Haven't cooked much as I have had the flu for the holiday period. Did buy a big fuck-off turkey the day after Christmas for £3 (reduced from £20) as part of a "What does everybody else has for Christmas" experience. Cooked this for ~4 hours both breast and legs were tender and juicy etc. But there is very little flavour in these things? Thankfully, I cooked mlinci which soaked up the majority of the flavour. Ate all the mlinci, and ate turkey sandwiches for two days, then tossed the beast. Disgusting really, what a waste of resources. Interesting experiement though.

Adam,

 

we brined the turkey this year. Yes, yes, I realise brining gets a mixed opinion on this site, but I thought it turned out rather well. It was one of those Kelly Bronze turkeys, brined for ~50hrs (put it in Christmas eve, had it boxing day, Christmas day was glazed ham - very good!). Stuffed the neck end of the turkey with a sausage-meat and sage stuffing (a la Gary Rhodes) and the cavity with a bread and celery stuffing (a la my mum). The turkey was very moist, and between 8 of us there wasn't too much leftovers - thank god, though enough for turkey a la king one day and ham and pea soup another , plus a couple of sandwiches of course.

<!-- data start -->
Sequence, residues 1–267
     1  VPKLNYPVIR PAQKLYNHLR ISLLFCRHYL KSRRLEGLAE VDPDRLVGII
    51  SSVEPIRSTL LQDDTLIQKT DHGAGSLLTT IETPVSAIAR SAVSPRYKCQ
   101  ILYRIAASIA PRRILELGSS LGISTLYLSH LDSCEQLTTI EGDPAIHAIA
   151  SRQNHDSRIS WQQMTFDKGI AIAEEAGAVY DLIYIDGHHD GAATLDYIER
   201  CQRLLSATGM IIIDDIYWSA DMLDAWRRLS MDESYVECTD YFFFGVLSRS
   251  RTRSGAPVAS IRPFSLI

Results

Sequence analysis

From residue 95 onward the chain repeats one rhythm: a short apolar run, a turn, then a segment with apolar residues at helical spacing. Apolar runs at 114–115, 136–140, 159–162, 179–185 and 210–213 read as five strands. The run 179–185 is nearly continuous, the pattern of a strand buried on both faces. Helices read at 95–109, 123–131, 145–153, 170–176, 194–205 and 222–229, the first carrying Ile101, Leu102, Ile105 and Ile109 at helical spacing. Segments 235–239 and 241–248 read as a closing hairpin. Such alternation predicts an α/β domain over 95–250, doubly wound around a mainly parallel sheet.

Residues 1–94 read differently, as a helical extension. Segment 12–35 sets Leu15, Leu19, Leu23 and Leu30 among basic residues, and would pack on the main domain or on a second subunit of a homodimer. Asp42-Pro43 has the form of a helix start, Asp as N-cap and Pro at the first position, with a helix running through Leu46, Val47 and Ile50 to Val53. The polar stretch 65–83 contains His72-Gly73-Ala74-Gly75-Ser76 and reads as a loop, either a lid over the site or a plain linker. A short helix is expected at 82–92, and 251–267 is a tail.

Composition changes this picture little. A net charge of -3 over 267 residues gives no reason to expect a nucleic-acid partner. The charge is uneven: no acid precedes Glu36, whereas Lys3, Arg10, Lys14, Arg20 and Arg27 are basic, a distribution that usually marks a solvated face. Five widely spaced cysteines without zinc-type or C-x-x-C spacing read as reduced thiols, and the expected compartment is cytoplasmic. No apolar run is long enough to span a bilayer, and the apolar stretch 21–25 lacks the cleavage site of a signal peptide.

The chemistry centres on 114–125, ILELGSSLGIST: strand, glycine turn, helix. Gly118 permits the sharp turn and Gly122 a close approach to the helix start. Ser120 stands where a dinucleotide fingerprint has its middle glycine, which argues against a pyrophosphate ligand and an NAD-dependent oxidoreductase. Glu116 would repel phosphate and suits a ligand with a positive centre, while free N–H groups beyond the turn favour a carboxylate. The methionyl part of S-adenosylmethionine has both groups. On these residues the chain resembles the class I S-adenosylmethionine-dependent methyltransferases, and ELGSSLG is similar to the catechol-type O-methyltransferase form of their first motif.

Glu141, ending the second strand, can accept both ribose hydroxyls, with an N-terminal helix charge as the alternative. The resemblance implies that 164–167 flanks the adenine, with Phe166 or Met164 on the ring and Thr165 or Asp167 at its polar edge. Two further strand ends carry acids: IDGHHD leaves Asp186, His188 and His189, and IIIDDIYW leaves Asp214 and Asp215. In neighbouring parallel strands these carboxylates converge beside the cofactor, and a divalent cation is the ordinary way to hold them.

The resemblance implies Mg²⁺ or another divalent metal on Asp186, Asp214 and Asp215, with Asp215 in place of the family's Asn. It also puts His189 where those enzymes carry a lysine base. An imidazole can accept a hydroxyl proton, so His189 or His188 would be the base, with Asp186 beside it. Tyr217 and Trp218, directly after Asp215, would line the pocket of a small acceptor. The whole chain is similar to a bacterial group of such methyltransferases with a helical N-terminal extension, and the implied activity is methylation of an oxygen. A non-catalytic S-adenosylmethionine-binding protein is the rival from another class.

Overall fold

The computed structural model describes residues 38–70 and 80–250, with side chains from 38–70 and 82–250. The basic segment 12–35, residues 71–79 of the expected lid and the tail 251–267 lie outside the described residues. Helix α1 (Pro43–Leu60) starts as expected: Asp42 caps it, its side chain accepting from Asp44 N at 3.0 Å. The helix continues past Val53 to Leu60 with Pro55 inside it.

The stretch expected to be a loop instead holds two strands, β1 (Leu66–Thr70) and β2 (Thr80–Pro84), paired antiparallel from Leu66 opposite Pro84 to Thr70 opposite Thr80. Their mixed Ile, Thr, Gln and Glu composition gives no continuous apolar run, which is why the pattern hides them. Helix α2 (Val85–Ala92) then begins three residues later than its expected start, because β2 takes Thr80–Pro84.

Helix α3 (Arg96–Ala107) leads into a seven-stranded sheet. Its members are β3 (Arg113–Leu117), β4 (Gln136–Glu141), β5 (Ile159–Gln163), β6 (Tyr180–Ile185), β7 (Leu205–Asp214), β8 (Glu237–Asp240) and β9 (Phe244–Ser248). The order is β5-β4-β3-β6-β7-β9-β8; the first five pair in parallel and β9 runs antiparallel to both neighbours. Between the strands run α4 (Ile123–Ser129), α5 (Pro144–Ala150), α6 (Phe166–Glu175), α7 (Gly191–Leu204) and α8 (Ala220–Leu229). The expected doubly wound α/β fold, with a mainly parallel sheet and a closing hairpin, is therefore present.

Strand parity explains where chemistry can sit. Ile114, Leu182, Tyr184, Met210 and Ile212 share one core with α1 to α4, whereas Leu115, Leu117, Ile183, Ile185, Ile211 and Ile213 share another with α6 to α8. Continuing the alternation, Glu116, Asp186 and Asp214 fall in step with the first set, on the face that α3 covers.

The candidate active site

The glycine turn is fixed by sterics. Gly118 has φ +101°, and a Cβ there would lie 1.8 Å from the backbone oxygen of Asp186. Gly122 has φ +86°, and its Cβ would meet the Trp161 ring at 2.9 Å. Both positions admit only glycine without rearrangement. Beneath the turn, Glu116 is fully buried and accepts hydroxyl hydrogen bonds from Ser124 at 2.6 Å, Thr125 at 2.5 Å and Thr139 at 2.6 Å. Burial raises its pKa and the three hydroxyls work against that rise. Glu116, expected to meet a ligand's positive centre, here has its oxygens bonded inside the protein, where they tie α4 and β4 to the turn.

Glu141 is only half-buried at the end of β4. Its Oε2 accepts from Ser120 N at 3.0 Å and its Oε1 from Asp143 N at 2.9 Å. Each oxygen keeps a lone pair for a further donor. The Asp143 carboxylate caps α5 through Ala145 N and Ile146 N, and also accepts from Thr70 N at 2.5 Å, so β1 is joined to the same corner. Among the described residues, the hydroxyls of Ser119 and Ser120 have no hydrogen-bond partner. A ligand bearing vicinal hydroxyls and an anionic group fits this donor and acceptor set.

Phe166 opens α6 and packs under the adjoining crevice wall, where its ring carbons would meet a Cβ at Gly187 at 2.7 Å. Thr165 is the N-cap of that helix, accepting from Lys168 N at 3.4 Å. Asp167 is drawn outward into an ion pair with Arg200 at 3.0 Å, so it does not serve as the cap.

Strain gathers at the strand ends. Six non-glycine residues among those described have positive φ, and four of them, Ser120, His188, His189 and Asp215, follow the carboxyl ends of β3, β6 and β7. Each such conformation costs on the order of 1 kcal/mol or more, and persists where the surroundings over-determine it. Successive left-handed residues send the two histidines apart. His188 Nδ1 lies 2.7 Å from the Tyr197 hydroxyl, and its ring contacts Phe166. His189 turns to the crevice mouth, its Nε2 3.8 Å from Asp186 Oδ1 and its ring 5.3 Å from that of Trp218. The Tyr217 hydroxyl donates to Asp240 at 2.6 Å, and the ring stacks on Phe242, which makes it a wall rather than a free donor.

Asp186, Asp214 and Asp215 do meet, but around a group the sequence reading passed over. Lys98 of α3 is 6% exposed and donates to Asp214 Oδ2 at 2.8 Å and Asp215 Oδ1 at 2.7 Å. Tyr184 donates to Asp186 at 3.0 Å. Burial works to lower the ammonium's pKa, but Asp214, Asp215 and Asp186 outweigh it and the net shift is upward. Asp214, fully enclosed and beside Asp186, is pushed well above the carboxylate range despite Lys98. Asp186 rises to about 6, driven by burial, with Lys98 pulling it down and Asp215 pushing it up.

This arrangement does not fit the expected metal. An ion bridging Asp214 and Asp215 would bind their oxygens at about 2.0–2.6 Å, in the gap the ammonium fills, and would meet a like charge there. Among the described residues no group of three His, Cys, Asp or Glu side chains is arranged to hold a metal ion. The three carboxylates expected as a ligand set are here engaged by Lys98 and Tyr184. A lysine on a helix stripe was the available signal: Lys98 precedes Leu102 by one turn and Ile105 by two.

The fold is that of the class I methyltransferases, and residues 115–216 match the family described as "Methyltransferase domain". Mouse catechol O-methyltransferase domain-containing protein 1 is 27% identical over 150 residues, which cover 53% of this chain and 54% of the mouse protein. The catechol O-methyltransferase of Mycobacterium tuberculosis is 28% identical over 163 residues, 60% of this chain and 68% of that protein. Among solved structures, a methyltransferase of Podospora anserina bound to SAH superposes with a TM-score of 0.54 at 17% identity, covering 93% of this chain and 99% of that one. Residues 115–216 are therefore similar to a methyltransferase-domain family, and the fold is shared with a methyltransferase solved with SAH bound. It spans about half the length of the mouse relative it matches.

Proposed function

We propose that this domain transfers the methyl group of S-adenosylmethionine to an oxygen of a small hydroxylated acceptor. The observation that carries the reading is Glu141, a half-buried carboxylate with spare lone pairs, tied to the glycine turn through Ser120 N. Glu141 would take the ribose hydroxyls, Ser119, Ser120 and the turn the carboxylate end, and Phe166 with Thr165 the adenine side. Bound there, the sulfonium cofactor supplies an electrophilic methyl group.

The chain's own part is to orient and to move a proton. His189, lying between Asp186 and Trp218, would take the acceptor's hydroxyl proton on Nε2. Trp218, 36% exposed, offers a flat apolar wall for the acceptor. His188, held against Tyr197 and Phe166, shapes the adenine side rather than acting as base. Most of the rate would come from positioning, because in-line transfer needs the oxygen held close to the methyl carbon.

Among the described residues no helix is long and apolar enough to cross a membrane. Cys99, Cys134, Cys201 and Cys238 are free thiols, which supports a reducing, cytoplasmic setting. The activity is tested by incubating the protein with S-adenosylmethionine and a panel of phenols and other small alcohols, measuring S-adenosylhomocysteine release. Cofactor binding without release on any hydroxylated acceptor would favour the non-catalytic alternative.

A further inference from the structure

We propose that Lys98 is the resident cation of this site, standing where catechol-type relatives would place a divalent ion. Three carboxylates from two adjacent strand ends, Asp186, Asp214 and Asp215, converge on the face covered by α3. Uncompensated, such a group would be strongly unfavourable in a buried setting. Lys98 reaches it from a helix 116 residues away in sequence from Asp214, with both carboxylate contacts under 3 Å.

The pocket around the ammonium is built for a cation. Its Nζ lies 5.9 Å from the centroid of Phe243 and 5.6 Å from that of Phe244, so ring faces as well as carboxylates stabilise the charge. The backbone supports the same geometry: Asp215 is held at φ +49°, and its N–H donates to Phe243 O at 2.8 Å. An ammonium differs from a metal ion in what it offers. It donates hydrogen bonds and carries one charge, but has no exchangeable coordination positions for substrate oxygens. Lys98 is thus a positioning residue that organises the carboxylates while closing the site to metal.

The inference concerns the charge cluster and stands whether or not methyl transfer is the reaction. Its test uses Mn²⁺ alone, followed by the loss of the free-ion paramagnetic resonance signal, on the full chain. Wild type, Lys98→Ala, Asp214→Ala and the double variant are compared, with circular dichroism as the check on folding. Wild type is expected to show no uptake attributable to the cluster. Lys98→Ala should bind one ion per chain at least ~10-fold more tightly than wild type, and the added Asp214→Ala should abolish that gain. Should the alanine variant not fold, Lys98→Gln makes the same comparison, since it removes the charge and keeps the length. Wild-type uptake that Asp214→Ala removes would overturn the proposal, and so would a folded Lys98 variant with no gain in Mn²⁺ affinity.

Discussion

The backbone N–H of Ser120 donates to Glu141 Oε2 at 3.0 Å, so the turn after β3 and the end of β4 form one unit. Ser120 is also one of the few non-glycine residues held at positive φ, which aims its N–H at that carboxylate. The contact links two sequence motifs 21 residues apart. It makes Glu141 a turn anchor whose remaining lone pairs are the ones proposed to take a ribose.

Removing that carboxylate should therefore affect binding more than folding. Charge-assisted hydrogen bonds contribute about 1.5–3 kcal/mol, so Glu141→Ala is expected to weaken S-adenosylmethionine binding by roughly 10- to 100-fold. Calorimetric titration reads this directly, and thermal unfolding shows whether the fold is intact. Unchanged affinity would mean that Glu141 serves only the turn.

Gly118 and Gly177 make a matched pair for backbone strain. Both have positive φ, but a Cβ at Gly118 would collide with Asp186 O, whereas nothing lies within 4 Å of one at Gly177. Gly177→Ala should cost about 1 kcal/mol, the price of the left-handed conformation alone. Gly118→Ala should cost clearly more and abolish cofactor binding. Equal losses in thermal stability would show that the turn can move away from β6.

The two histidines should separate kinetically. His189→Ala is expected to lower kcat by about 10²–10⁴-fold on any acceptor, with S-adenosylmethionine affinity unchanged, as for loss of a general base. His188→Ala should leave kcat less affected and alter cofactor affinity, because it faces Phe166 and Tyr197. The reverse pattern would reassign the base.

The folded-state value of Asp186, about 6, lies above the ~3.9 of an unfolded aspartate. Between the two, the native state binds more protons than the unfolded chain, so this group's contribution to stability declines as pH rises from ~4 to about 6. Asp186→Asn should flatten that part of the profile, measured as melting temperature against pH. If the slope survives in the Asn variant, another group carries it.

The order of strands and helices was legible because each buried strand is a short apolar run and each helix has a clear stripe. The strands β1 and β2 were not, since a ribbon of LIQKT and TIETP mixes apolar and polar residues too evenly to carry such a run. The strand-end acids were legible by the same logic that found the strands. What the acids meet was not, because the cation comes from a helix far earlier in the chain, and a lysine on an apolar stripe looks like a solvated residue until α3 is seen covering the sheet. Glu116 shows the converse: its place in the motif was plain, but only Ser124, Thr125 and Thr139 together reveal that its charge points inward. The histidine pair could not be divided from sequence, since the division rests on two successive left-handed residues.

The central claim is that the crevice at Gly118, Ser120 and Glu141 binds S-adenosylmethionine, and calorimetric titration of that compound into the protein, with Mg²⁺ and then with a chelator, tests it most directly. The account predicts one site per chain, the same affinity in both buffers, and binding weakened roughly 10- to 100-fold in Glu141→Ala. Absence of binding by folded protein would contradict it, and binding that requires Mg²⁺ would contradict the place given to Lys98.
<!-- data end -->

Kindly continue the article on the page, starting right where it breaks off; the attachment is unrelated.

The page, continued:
I like brining.

 

P.S. We went out on Christmas eve and picked up two whole turkeys for a fiver each, reduced from about £30 each! They are now sitting in the permafrost at the bottom of my freezer taking up a huge amount of space.